The Cannes Film Festival is just a few months away—Spike Lee was announced as the first black jury president last month—and the festival has just announced their selection committee which features four men, and five women, giving women the majority say in selection for the first time. Cannes has a rocky history with gender equality, notably featuring only a handful of female filmmakers alongside over a dozen men year after year (the stats are usually three or four women to eighteen or nineteen men), despite growing pressure to consider what biases might be at play and affecting those numbers. In 2018, Cannes chief Thierry Fremaux called the director debate “fashionable” as it gained prominence following the #MeToo and Time’s Up movements, but really, Cannes was under fire throughout the 2010s for their director problem. Back in 2012, previous festival boss Gilles Jacob said, “I am sure that next year the chief selector, Thierry Frémaux, will look more carefully to find films by women.” (Under Fremaux, women filmmakers have seen modest gains, such as going from 2% to 7% of directors in competition.) In 2014, festival jury president Jane Campion made headlines when she said, “Excuse me gentlemen, but the guys seem to eat all the cake.” Also in 2014, two women were considered for the Palme d’Or, alongside nineteen men.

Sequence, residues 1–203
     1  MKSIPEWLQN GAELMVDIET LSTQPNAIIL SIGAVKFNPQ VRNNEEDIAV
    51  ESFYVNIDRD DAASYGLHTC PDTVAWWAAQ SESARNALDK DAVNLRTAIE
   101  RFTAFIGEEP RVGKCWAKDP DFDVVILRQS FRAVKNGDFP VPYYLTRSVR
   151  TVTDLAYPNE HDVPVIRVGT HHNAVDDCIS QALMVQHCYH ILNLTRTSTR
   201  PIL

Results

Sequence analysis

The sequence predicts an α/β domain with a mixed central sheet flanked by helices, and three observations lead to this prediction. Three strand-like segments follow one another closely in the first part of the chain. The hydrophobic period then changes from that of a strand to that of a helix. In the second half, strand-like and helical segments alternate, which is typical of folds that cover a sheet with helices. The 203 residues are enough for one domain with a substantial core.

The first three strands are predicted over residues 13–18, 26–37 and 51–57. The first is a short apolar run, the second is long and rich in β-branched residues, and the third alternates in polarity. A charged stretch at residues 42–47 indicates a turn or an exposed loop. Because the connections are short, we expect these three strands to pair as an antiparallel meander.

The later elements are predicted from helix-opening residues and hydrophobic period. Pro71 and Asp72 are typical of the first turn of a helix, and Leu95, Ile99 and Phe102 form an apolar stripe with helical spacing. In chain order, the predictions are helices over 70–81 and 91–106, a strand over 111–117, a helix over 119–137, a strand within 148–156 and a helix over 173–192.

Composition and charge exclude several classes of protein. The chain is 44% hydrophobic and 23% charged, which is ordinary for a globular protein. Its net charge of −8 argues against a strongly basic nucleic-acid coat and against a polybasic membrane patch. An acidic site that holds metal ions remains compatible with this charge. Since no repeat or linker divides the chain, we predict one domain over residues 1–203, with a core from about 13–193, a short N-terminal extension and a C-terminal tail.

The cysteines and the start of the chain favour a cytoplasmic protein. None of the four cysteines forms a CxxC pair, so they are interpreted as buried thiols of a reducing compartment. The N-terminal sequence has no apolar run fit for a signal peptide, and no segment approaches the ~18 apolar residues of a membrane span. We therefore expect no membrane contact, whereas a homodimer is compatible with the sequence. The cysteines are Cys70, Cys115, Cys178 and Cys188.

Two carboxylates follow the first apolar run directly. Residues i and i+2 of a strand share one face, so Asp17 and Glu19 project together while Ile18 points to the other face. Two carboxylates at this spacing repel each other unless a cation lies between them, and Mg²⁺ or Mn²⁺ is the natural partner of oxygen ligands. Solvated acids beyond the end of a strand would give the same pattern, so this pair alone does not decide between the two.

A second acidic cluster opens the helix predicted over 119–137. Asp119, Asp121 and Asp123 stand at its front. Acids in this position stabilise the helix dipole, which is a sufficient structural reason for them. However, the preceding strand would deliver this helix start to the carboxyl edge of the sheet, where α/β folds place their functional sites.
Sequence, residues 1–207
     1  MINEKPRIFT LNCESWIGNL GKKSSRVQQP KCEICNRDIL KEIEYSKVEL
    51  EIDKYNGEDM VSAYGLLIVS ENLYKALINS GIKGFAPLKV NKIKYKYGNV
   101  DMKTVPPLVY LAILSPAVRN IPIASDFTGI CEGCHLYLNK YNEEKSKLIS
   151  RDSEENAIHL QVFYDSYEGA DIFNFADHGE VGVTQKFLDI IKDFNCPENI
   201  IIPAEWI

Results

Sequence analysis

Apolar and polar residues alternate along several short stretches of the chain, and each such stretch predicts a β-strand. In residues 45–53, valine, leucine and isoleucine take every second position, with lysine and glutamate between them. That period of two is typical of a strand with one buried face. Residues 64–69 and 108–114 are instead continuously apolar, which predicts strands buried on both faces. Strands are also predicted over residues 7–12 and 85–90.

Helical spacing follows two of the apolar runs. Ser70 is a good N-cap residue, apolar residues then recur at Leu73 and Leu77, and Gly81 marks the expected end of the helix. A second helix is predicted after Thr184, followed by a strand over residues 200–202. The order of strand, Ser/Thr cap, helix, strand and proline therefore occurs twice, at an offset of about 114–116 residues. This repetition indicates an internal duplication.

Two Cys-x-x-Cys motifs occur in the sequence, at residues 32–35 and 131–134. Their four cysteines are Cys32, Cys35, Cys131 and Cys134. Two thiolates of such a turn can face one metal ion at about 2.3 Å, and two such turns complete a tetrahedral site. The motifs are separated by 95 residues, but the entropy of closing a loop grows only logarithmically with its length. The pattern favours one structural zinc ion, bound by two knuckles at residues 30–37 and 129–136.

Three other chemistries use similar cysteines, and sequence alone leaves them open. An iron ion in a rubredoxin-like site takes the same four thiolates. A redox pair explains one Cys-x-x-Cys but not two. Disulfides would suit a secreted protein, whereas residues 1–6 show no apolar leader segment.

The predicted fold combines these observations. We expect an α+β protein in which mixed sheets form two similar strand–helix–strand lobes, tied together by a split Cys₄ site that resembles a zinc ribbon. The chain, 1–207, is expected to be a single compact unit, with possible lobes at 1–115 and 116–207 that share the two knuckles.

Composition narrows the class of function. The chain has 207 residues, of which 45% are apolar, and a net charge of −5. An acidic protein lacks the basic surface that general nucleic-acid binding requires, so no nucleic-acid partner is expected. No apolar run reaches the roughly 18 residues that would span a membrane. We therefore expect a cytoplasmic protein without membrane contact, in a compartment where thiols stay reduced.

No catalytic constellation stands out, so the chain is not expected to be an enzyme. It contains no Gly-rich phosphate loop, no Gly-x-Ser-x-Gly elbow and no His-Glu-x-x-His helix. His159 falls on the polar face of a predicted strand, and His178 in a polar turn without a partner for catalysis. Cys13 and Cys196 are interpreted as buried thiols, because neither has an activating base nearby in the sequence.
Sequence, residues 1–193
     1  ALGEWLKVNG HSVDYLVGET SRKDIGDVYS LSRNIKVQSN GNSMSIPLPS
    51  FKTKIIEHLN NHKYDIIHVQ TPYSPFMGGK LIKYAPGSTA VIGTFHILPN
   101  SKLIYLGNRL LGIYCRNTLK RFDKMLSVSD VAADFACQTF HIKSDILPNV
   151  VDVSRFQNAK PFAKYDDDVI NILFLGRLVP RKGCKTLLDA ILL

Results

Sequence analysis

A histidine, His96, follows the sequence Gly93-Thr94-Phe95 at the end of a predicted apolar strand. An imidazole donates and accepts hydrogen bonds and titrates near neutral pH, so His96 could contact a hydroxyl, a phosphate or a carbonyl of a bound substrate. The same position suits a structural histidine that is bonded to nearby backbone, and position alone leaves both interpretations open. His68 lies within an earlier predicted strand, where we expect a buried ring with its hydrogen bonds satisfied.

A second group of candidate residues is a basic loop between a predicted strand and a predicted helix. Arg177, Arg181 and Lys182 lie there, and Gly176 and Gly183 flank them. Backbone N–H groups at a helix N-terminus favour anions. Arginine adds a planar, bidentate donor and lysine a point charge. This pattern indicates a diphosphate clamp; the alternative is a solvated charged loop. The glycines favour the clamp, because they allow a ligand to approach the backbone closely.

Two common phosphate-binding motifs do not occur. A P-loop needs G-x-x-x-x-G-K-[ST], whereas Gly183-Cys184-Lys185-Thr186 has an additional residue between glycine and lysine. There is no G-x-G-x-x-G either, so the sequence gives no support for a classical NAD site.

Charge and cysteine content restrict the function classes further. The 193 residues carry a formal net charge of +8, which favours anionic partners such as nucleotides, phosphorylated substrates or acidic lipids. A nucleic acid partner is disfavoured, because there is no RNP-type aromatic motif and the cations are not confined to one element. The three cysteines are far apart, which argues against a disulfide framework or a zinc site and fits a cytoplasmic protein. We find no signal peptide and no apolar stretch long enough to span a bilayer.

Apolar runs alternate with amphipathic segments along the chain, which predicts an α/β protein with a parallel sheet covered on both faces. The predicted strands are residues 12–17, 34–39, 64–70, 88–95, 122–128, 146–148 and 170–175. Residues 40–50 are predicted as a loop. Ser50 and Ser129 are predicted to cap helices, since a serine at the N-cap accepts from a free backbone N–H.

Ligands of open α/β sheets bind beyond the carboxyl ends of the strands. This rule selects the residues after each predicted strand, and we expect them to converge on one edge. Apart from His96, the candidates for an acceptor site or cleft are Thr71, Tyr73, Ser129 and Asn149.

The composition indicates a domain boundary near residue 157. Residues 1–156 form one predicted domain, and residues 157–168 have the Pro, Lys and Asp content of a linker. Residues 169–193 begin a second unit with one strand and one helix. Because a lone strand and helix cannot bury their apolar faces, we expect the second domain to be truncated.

As the decade wore on, pressure mounted. In 2018, Cate Blanchett led a protest up the famous Palais steps. Later during the festival, Fremaux signed a gender equality pledge as part of the 5050x2020 campaign, promising to, among other things, create more balanced selection committees. This is the first year that promise is upheld, and over the next few months, we will see what the result is. Will it mean totally equitable selections? Probably not. Men are still submitting way more films to Cannes than women. The problem is bigger than any one film festival, and the entire industry needs to improve to better support women in film all the way through their careers. But will this equitable selection committee mean more gains for women among the various programs at Cannes? Yes, it should. Parity won’t happen overnight, but it can’t happen without a concerted effort. Despite thinking the pressure to support women in film is a fad, Thierry Fremaux is making a concerted effort to create parity at Cannes. I don’t expect the results to be overwhelming immediately, but I do expect results.